|Penguins, icebergs, and our ship--on a gorgeous sunny day in Antarctica.|
On day 10 of our week-long Antarctic expedition, a blizzard blew in. Winds gusting up to 115 miles per hour slung snow sideways across the deck of our ship. Ice crusted windowsills and kayaks stacked on the port side of the deck as temperatures fell below freezing.The ship rolled with the roaring waves prompting the captain to reposition the ship so that the mountains onshore would provide additional shelter from the storm.
Our expedition beginsThroughout the seven scheduled days aboard Sea Adventurer, we had enjoyed exceptional weather—epic days, the guides said. Nearing the end of summer in the Southern Hemisphere, temps hovered in the mid-30s and seas were mostly calm—perfect for our Antarctic experience.
|Disembarking the plane that brought us to King George Island.|
|Brilliant sunset after crossing the Antarctic Circle|
The night before leaving Punta Arenas, Chile we were issued heavy-duty, waterproof, double-lined, yellow parkas (ours to keep) and thick mid-calf “muck” boots. These were necessary for keeping feet warm and dry as we tromped through snow, ice, mud, and slush. Also, most Zodiac landings on shore required walking through water a short distance before reaching land.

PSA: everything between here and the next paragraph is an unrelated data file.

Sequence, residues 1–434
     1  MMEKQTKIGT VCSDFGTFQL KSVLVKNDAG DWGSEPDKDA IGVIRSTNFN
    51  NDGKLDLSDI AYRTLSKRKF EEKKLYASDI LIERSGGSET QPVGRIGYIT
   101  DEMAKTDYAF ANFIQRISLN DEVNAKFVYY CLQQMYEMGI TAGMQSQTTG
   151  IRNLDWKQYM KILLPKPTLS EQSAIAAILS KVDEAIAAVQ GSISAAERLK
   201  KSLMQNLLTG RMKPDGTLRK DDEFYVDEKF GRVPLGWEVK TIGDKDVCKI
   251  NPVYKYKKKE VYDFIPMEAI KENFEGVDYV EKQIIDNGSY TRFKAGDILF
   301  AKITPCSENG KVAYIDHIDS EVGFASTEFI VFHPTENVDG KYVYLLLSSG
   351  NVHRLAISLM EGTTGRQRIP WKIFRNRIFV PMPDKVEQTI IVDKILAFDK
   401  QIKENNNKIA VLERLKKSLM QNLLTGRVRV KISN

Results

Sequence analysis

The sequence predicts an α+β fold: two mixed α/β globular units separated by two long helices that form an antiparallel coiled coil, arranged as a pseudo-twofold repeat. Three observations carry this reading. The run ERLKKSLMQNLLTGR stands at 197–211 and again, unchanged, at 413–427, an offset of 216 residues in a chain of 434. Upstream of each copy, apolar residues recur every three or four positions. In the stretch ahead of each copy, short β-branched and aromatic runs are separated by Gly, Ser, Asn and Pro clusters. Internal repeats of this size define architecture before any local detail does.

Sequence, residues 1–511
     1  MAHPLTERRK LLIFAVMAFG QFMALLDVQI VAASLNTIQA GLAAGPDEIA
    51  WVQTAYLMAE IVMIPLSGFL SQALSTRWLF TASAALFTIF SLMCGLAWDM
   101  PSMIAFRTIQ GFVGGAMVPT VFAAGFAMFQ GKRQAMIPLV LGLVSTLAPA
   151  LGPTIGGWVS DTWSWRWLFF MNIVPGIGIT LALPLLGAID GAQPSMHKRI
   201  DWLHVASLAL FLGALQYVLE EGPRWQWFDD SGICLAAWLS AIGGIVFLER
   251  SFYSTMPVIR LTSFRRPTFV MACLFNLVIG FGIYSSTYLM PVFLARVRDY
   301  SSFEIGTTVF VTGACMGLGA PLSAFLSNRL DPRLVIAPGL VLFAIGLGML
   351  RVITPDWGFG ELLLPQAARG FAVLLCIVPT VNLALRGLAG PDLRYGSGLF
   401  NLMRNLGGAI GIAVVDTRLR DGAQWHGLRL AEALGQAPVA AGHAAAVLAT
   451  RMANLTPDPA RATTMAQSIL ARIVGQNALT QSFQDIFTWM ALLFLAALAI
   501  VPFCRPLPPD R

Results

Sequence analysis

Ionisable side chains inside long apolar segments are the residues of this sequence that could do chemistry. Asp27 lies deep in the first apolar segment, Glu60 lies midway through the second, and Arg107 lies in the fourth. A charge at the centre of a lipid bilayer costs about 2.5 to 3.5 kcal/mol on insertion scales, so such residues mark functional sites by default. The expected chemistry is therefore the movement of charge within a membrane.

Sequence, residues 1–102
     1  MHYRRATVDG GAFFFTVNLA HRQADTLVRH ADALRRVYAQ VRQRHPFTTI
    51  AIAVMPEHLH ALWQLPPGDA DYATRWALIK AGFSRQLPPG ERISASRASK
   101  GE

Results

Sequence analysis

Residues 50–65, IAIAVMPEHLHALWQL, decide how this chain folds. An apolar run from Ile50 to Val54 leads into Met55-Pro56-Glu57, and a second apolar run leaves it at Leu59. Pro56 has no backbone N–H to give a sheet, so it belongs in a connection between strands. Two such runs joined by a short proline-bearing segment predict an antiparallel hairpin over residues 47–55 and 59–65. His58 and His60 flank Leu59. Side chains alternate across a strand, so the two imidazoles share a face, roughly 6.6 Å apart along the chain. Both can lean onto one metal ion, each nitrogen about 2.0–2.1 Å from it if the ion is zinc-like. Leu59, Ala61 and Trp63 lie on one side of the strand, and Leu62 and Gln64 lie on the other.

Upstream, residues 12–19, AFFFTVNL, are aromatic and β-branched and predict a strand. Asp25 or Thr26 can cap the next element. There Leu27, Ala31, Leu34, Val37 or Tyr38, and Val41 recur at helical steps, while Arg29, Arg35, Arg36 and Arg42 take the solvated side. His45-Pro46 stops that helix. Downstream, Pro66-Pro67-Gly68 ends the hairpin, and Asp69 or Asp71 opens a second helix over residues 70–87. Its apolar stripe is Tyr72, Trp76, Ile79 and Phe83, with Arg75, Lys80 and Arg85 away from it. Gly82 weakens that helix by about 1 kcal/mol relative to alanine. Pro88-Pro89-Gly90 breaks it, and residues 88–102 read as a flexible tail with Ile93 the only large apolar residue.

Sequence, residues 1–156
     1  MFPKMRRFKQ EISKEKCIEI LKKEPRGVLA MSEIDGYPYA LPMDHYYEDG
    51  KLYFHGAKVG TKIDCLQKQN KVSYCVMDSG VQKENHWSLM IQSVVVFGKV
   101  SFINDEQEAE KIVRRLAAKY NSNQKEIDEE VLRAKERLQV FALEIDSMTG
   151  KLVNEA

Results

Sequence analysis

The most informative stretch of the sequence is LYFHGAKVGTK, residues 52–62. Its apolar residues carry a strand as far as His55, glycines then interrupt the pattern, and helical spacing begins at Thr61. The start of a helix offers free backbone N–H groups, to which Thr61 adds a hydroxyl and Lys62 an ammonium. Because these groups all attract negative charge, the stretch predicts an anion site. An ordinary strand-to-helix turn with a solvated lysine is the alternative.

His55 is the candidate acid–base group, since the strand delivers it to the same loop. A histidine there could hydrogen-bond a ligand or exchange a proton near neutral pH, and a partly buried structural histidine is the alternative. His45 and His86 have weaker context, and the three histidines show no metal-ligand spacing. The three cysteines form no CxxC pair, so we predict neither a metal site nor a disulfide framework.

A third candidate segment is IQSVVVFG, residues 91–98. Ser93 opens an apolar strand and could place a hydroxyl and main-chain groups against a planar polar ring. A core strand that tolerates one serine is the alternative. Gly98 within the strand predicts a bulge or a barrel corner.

|Boarding Zodiacs to get to the Sea Adventurer, which was|
anchored off shore.
In the morning everyone met in the hotel lobby at 3:30 a.m. for an early morning flight—necessary to utilize the shrinking window of opportunity for landing on the primitive airstrip at the Chilean military base on King George Island. Still, we applauded our good decision to fly from Punta Arenas to King George Island. Not only did we skip the two-day, potentially horrendous passage through the Drake Channel, but we saved four days’ travel time on our voyage.After two hours in the air, the plane landed uneventfully, passengers disembarked, and we walked a mile and a half on a muddy path to the beach where we boarded Zodiacs that took us to the Sea Adventurer. Excitement was thick in the air as each traveler first set foot on the ship that would be our home for a week’s expedition.
Weather determines everything in Antarctica
|Ice on a window of the ship|
Quickly, our luggage was loaded onto the Zodiacs, and we also boarded the water crafts for our last ride to shore. When everyone had reached land, our group got the necessary permission to walk across the Chilean military base. We were there watching as the plane zoomed in for a landing. Ditching our muck boots (too dirty for the plane), we boarded and took off without delay—to a hefty round of applause.
|Finally (and gratefully) leaving King George Island--walking to the airstrip.|
Photos by Larry and Beverly Burmeier